where \(w_i^{(n)}=\frac {1}{({v_i^{(n-1)}}^2+\epsilon ^{(n)})^{0.5}}\), (n) stands for the iteration n, and 𝜖(n) is a sequence of small numbers (that converge to zero with increasing n). Using this approximation of the objective function, and a first-order Taylor expansion for g( Φv(n)), the objective function in (33) takes the form:
$$\displaystyle \begin{aligned} \underset{{\mathbf{v}}^{(n)}}{\text{min}} \quad J({\mathbf{v}}^{(n)})=\sum_{i}^{}w_i^{(n)}{v_i^{(n)}}^2+ \lambda^2{\lVert \mathbf{d}- \mathbf{g}(\boldsymbol{\Phi}{\mathbf{v}}^{(n-1)})- {{\mathbf{G}}_{\mathbf{v}}}^{(n)}({\mathbf{v}}^{(n)}-{\mathbf{v}}^{(n-1)}) \rVert}_2^2 \end{aligned} $$
(34)
Here, Gv(n) is the Jacobian matrix of g(.) with respect to v at v = v(n−1). The updated solution at iteration n can be easily found by taking the derivative of the above convex function w.r.t. v(n) and setting it to zero.

Appendix 3: Group-Sparsity Inversion

The objective function for group-sparsity regularization can be expressed as:
$$\displaystyle \begin{aligned} \underset{\mathbf{v}}{\text{min}} \quad J(\mathbf{v})=\sum_{i=1}^{p}{\lVert {\mathbf{v}}_i \rVert}_2 + \lambda^2{\lVert \mathbf{d}- \mathbf{g}(\boldsymbol{\Phi}\mathbf{v}) \rVert}_2^2\end{aligned} $$
(35)
where the notations are discussed in the text. At iteration n, using the Gauss-Newton method and the first-order Taylor series for g( Φv), the linearized version of the above function takes the form:
$$\displaystyle \begin{aligned} \underset{{\mathbf{v}}^{(n)}}{\text{min}} \quad J({\mathbf{v}}^{(n)})=\sum_{i=1}^{p}(\sum_{j=1}^{s_i}({v_i^{j}}^{(n)})^{2})^{\frac{1}{2}} + \lambda^2{\lVert \mathbf{d}- \mathbf{g}(\boldsymbol{\Phi}{\mathbf{v}}^{(n-1)})- {{\mathbf{G}}_{\mathbf{v}}}^{(n)}({\mathbf{v}}^{(n)}-{\mathbf{v}}^{(n-1)}) \rVert}_2^2\end{aligned} $$
(36)
where Gv(n) is the Jacobian matrix of g(v), and \({v_i^{j}}\) is the jth basis in the ith group. Denoting Δd(n) = d −g( Φv(n−1)) + Gv(n)v(n−1), (36) can be simplified to:
$$\displaystyle \begin{aligned} \underset{{\mathbf{v}}^{(n)}}{\text{min}} \quad J({\mathbf{v}}^{(n)})=\sum_{i=1}^{p}(\sum_{j=1}^{s_i}({v_i^{j}}^{(n)})^{2})^{\frac{1}{2}} + \lambda^2{\lVert \boldsymbol{\Delta}{\mathbf{d}}^{(n)}-{{\mathbf{G}}_{\mathbf{v}}}^{(n)}{\mathbf{v}}^{(n)} \rVert}_2^2\end{aligned} $$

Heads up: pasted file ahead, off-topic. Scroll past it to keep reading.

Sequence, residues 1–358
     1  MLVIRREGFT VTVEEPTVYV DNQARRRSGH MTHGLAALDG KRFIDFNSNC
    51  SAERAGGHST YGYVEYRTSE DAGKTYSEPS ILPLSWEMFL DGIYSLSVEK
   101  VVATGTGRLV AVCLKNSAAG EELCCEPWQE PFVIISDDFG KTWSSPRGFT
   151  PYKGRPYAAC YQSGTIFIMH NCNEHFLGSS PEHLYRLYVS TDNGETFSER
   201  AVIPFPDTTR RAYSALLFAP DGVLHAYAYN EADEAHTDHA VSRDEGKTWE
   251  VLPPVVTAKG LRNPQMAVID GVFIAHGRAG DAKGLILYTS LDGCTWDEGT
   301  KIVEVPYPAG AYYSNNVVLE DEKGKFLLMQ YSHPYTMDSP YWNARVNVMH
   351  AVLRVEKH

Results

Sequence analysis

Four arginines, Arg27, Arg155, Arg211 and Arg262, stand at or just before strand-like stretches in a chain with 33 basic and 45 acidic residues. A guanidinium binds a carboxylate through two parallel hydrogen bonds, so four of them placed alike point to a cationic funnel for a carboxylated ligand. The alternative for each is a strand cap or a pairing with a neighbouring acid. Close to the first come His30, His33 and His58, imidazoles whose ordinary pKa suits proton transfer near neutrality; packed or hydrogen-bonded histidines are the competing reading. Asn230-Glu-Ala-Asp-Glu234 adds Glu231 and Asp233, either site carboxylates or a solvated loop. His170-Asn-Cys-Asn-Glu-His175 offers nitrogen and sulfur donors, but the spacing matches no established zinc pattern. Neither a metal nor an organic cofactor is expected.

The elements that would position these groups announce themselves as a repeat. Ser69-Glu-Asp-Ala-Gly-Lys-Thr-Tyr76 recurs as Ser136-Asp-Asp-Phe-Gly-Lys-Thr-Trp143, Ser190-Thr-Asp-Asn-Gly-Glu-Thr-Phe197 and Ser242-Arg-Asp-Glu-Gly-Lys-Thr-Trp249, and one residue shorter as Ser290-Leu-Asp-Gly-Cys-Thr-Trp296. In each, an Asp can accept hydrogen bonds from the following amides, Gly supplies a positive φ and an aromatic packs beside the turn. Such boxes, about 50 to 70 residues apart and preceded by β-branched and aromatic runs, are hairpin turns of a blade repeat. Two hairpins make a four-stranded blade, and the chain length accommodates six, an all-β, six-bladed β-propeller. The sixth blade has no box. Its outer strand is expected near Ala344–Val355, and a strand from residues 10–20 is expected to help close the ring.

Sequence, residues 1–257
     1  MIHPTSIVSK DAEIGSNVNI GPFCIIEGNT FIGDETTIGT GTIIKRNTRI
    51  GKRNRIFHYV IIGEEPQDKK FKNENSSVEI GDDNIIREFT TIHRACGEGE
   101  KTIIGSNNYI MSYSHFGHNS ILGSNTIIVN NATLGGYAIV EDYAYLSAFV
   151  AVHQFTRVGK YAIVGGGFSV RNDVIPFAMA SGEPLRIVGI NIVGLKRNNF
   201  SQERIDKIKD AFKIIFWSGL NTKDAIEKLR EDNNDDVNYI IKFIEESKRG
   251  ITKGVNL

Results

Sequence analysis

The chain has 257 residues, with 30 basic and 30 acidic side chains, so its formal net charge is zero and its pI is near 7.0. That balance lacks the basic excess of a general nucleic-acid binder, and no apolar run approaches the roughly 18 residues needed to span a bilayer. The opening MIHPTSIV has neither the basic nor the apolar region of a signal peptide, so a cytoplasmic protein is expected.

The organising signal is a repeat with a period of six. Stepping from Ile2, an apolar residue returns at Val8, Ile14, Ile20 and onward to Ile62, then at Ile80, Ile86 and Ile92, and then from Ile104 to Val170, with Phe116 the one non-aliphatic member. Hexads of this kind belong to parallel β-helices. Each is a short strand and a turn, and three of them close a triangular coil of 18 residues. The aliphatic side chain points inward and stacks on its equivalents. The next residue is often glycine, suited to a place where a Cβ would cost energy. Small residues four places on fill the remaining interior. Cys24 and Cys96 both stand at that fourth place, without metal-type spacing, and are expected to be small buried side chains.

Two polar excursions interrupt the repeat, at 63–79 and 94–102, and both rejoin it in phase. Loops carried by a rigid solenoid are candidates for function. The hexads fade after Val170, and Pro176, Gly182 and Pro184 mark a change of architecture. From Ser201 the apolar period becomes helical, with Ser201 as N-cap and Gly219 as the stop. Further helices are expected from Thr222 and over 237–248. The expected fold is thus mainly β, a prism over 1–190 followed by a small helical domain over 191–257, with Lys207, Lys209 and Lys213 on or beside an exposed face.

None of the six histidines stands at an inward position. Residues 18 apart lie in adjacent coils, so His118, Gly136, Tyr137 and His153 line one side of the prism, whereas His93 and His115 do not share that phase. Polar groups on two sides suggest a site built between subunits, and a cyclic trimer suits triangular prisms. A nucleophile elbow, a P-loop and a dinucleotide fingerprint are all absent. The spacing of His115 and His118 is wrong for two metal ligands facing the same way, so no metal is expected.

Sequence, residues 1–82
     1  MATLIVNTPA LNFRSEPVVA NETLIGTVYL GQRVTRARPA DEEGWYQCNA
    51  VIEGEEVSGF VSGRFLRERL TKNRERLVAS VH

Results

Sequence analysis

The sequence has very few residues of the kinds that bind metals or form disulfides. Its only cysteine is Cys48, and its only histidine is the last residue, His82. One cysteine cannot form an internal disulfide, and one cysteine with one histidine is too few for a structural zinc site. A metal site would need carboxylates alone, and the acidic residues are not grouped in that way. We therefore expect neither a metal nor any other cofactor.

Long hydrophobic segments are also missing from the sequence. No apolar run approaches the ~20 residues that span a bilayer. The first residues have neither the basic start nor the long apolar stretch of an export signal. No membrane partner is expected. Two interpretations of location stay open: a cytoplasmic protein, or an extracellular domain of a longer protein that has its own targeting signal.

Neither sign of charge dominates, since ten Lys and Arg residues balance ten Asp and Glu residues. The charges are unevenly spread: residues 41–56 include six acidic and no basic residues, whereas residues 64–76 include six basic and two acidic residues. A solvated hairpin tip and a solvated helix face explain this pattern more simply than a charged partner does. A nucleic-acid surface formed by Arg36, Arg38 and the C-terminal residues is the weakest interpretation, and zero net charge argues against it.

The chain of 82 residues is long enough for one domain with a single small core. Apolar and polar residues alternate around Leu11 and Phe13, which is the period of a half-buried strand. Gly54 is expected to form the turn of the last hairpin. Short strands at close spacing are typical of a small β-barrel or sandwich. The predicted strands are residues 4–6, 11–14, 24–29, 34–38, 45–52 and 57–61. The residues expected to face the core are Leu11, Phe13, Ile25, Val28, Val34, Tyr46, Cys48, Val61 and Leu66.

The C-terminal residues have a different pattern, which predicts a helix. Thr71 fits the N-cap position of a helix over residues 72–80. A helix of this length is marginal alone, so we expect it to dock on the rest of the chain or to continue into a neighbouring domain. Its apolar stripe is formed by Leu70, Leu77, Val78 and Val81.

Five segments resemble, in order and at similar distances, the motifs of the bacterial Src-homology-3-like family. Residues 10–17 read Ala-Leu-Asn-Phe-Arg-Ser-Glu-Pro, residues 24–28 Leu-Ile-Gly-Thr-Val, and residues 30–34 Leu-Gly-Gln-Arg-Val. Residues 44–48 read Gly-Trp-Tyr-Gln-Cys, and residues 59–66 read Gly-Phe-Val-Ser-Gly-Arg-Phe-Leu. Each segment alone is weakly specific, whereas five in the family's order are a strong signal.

(37)
The derivative of the regularization term with respect to \({v_i^{j}}^{(n)}\) can be approximated as:
$$\displaystyle \begin{aligned} \frac{{v_i^{j}}^{(n)}}{(\sum_{k=1}^{s_i}({v_i^{k}}^{(n)})^{2})^{\frac{1}{2}}}\approx \frac{{v_i^{j}}^{(n)}}{(\sum_{k=1}^{s_i}({v_i^{k}}^{(n-1)})^{2}+{\epsilon_i}^{(n)})^{\frac{1}{2}}}\end{aligned} $$
(38)
where 𝜖i(n) is a small positive number that is used to avoid zero denominators. Note that \({v_i^{k}}^{(n)}\) in the denominator is approximated as \({v_i^{k}}^{(n-1)}\). Choosing 𝜖 such that 0 < 𝜖i(n) < 𝜖i(n−1) and \( \underset {n\rightarrow \infty }{\text{lim}}{\epsilon _i}^{(n)}=0\), it can be shown that this approximation does not change the solution of the original minimization problem. The iterative solution of (37) can now be derived as:
$$\displaystyle \begin{aligned} ( \boldsymbol{\Lambda}^{(n)}+\alpha { {{\mathbf{G}}_{\mathbf{v}}}^{(n)}}^{T} {{\mathbf{G}}_{\mathbf{v}}}^{(n)}) {\mathbf{v}}^{(n)} = \alpha { {{\mathbf{G}}_{\mathbf{v}}}^{(n)}}^{T}\boldsymbol{\Delta}{\mathbf{d}}^{(n)}\end{aligned} $$
(39)
where α = 2λ2, and Λ(n) is a diagonal matrix with diagonal entries \(\frac {1}{(\sum _{k=1}^{s_i}({v_i^{k}}^{(n-1)})^{2}+{\epsilon _i}^{(n)})^{\frac {1}{2}}}\).

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Authors and Affiliations

  • Azarang Golmohammadi
    • 1
  • M-Reza M. Khaninezhad
    • 1
  • Behnam Jafarpour
    • 1
    • 2
  1. 1.Ming Hsieh Department of Electrical EngineeringUniversity of Southern CaliforniaLos AngelesUSA
  2. 2.Mork Family Department of Chemical Engineering and Material ScienceUniversity of Southern CaliforniaLos AngelesUSA